It’s also the toughest place for them to find studios because of the expensive, aggressive real-estate market, where never-ending condo developments eat cheap space.
Now the city’s politicians and staff say they think they’ve found a solution: Give artists free rein to set up studios on industrial land, where they can add jobs and activity without sparking any land speculation.
“The industrial land base is ideal,” councillor Heather Deal said, endorsing a staff report that recommends the city consider amending its zoning to allow all kinds of artists’ studios to operate on industrial land, not just those using materials or equipment not allowed in commercial zones.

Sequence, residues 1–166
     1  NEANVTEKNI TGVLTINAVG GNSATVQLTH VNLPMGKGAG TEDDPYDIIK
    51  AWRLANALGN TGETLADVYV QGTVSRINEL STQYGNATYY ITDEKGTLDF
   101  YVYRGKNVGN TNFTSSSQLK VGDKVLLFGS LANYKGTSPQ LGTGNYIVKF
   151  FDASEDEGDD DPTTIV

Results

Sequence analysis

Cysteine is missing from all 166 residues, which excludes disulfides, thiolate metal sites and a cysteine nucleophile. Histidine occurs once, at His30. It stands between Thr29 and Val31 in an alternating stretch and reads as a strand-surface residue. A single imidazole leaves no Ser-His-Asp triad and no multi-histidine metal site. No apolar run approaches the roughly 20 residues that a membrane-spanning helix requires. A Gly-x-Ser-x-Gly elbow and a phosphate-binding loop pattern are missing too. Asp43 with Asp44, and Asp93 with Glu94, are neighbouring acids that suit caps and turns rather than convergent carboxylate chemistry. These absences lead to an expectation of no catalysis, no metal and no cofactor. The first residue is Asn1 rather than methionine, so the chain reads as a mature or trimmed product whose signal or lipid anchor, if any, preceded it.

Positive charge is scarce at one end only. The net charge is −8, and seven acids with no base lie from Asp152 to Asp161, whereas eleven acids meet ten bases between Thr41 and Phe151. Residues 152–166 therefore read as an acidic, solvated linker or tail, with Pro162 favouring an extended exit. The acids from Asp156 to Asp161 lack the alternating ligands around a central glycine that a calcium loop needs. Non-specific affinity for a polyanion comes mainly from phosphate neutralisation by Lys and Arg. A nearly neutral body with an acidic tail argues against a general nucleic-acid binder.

But the city’s arts community says that wouldn’t be necessary if the city could just stop its staff from kicking artists out of the spaces where they’re already working.
“The city doesn’t have to do anything to create more spaces,” said Jim Carrico, who managed a thriving artists’ space in the Downtown Eastside until the city ordered everyone out last month. “They can just stop attacking us.”